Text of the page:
By Veronica Gomez, UC Davis Nutrition Peer Counselor
We always hear about eating “healthy” in the context of the American diet.
When we think of changing our eating habits, the average student will envision a diet completely different than what they are accustomed to. Suddenly, this student has to cut out all cultural foods and abide by a diet that has been pushed by mainstream white media. While media refers to modern television, Tik Tok, Instagram etc., institutions such as hospitals and schools will perpetuate this way of thinking as well. College students born in America would have been raised with MyPyramid. This pyramid shaped the lunch programs a lot of students weren’t fond of, and it served as a guide for hospital meal plans as well. While the current dietary guidelines infographic, MyPlate, is more inclusive and immersive, a lot of college students today live on with the little nutrition education they were exposed to before college.
What is a “healthy diet”?
The recurrence of quoting the word “healthy” is due to the ambiguity tied to what it means to eat healthy. This ambiguity should instead be viewed as flexibility, which is exactly what our diets should be— flexible.
Foods like sweet potatoes, cauliflower-anything (nuggets, wings, rice), rice crackers, and chicken breast are idealized as healthy food staples. Students are encouraged to add these foods into their diets, and are pressured to remove cultural foods such as naan, tortillas, rice, or any potato dishes. But the flexibility of “healthy” eating does not suggest foods should be cut out, but rather, students should optimize their current diets. This especially means, students should NOT swap their cultural diets for an unsatisfying palette. Students should be encouraged to maintain whatever diets work for them, with the goal of adding as many nutrient-packed foods as possible. Contrary to what we have been told, food from our culture can be, and often is, very nutritious—and good for the soul.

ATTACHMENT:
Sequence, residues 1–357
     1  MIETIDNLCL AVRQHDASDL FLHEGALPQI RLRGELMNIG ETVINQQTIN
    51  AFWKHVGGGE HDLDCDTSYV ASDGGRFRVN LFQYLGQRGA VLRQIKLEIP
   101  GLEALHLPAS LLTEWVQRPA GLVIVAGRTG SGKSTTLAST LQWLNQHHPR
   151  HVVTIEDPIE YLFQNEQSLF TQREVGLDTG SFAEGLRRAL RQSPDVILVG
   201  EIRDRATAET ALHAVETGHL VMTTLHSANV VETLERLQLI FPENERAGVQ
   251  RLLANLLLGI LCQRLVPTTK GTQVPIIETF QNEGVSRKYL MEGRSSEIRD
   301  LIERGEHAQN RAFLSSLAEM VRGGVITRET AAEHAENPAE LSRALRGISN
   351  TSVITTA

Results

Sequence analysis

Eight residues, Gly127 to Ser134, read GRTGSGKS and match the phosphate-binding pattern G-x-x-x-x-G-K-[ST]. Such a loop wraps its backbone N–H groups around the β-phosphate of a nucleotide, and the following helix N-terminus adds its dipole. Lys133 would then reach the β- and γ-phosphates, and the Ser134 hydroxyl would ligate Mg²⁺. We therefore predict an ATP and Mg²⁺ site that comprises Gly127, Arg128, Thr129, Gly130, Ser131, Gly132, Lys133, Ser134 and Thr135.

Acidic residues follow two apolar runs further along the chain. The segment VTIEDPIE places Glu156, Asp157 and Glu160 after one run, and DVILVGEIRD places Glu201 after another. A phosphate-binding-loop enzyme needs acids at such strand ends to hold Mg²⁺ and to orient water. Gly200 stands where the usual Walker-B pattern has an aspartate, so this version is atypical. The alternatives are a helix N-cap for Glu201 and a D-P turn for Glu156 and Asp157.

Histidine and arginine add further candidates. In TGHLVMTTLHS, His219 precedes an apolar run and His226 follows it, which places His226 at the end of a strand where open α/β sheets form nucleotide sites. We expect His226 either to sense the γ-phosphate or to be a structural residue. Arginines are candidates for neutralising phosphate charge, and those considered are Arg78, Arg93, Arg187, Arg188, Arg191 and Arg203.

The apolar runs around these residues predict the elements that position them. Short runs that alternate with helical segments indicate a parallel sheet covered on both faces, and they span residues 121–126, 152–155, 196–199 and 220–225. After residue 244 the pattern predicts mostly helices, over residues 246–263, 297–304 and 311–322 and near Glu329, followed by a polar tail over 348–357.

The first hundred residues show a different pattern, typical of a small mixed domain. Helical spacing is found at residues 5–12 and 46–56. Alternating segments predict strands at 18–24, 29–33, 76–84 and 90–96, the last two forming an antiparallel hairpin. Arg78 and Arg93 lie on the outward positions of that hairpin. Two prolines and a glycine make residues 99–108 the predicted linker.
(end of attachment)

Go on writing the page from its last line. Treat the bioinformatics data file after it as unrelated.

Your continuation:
Below are 4 cultural foods that are nutrient-packed! –
Mexican Food Staple: Nopales. High in Dietary Soluble Fiber which lowers glycemic response in people with diabetes.
Indian Food Staple: Lentils. Rich in protein and iron.
African-American Food Staple: Collard Greens. Rich in potassium (improves blood pressure) and zinc (for a strong immune system)
Mediterranean Food Staple: Bulgur. A tasty whole grain packed with dietary fiber (great for your hearty and bowel health)
Tell us what your favorite cultural food is in the comments!